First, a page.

Creating Powerful Extension
During my fourth year in college, I had to take a core course called Audience Psychology. The required textbook for this course was titled Creating Powerful Radio by Valerie Geller. At the time, I had considered the title to be overrated and silly, but recently it occurred to me that the title and the content available were very correlated. The role of radio is central to Malawian agricultural development, and can be utilized more effectively than it currently is.
In the book, Geller explores the role of radio in society and the importance of not just creating radio programming for the sake of programming, but creating well-focused and strategic radio programming that has a specific audience in mind. The same can be said about how to develop innovative extension platforms. Have the different players in the provision of extension and advisory services in the agriculture sector considered how they can go beyond just creating these services just for the sake of it? Have we, as Malawian broadcasters begun to look at creating extension that is methodical, strategic and with a clear audience in mind?
As this decade concludes we need to consider creating extension service platforms that are well-thought-out and inclusive. What if we sat down in Malawi along with the different players in the extension service delivery to create extension platforms that are all-inclusive with human-centered design. This, for example, needs to consider radio programs that advocate for equal inclusion of men and women to sell and market farm produce. Imagine if programming placed emphasis on better pricing for products sold by women, thereby empowering women as well as creating a marketplace that is conducive to women’s success.
Consider another program that promoted the role of men in terms of educating women. In this example, men were at the forefront of the fight against childhood marriage. In this type of programming, men advocate for more women and girls to complete their education and take part in development. These are just a few examples of what inclusive and centered powerful extension through radio programming can do, especially in a context of high illiteracy with radio as the only form of instant extension service provision.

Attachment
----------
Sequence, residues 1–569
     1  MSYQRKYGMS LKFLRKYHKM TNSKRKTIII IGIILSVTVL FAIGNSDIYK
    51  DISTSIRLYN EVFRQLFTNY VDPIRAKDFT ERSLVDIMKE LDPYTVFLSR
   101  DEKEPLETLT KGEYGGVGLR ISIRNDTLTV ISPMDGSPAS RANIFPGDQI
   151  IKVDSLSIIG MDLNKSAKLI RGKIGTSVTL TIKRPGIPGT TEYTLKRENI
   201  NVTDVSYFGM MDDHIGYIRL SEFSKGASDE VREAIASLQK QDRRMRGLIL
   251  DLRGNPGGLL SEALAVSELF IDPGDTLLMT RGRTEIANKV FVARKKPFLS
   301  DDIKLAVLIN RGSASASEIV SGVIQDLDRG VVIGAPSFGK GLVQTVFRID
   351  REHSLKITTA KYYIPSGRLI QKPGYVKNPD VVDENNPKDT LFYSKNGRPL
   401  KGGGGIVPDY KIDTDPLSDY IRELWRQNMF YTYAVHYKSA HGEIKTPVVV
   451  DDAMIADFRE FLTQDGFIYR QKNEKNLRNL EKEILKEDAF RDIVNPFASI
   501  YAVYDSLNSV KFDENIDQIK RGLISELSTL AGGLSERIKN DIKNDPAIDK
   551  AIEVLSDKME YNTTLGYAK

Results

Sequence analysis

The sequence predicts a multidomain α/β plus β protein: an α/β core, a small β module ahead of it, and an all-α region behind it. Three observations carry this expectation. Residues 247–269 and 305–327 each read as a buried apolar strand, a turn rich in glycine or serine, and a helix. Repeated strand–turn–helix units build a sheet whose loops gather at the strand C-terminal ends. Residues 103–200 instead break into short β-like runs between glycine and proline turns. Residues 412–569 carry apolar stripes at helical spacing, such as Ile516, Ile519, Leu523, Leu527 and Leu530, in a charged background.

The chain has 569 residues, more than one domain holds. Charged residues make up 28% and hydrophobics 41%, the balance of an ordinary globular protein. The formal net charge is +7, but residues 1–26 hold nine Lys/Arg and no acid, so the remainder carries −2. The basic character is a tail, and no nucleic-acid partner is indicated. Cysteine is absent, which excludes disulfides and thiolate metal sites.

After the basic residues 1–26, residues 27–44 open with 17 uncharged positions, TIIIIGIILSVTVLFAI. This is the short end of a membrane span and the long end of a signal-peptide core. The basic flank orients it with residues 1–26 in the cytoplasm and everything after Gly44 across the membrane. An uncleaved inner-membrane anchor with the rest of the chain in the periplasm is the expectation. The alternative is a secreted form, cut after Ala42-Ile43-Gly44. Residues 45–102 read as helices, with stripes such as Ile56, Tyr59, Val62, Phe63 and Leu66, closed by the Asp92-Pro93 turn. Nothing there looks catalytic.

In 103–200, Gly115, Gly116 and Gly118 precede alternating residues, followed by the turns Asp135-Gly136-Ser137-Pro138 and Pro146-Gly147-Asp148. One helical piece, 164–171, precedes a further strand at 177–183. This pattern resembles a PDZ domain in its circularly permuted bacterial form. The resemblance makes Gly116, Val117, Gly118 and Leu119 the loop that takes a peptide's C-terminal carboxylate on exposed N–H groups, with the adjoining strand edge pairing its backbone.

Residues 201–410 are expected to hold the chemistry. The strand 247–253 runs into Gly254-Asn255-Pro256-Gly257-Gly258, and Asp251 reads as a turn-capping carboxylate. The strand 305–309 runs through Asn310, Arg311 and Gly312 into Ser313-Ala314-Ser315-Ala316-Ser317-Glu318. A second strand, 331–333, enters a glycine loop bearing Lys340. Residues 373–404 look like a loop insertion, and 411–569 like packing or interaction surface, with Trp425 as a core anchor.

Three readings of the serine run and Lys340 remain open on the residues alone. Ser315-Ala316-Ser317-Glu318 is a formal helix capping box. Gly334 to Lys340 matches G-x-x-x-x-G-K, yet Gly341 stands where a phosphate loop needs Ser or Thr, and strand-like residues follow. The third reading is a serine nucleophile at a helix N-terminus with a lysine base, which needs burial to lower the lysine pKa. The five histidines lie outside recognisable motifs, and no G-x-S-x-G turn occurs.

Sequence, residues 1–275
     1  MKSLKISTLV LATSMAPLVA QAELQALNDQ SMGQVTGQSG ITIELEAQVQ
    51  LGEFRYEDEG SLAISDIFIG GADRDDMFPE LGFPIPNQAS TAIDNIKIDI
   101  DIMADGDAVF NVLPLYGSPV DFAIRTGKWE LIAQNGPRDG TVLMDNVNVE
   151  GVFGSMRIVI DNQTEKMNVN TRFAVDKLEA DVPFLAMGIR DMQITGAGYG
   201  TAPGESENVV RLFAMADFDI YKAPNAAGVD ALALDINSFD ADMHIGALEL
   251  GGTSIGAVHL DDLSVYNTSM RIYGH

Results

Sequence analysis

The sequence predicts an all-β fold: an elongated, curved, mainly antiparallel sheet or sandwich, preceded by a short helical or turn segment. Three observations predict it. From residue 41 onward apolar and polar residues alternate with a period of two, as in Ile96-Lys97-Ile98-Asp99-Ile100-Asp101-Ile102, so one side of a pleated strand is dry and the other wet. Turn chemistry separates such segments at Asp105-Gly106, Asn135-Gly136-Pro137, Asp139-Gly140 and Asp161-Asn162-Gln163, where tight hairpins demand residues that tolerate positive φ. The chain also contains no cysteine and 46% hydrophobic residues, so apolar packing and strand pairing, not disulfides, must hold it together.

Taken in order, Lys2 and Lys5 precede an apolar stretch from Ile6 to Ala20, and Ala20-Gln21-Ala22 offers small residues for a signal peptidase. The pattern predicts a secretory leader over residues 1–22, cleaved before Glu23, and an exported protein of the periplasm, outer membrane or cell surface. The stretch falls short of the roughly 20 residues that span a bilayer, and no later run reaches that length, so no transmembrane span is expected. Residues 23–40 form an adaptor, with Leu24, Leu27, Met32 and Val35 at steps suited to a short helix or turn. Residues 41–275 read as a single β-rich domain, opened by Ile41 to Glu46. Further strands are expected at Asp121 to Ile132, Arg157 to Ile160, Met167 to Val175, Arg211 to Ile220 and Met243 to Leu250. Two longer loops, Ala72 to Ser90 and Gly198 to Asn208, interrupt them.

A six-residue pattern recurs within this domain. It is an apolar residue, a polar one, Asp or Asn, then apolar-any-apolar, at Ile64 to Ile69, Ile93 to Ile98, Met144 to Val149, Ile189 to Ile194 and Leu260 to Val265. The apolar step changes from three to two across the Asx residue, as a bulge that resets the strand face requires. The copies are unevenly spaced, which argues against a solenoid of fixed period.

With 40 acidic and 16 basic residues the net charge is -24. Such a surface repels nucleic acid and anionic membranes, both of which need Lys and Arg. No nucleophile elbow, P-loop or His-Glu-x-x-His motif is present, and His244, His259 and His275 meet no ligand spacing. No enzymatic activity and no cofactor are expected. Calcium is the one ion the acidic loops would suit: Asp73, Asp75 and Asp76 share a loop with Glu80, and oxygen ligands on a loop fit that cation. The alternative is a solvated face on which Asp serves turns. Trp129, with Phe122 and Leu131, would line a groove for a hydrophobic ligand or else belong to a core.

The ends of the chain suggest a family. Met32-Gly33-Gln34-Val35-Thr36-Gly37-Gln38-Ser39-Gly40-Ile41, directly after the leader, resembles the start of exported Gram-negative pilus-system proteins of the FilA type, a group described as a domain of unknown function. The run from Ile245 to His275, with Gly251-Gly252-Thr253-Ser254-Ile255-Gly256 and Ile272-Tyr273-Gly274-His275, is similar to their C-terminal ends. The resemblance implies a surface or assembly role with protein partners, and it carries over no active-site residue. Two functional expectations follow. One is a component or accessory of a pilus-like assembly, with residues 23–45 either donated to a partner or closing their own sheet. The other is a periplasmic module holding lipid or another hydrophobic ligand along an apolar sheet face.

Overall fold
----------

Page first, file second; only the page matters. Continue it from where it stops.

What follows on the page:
But in situations where there is widespread literacy, it is also important to consider using text messaging systems to engage audiences to promote dialogue regarding equity and agricultural services. Currently, Malawi has more than 7 million mobile phone users and almost every household has a mobile phone. What if service providers came together and discussed how best to support the rural poor to use of this technology to request extension messages on issues such as pest control, food security, climate change, and disease to promote good agriculture and agronomic practices. Think about the many farming families that would be assisted and how much productivity could be maximized. One of the most important things in the world is information because it provides knowledge for citizens to make informed decisions with regard to their livelihoods, health, and well-being. It is therefore important that all the different players in the agriculture extension sector along with the government, and other interested stakeholders to consider coming together to brainstorm how best they can create powerful, effective, realistic and implementable models of extension. This will improve the livelihoods of smallholder farmers in Malawi, and empower them to fully participate in their future.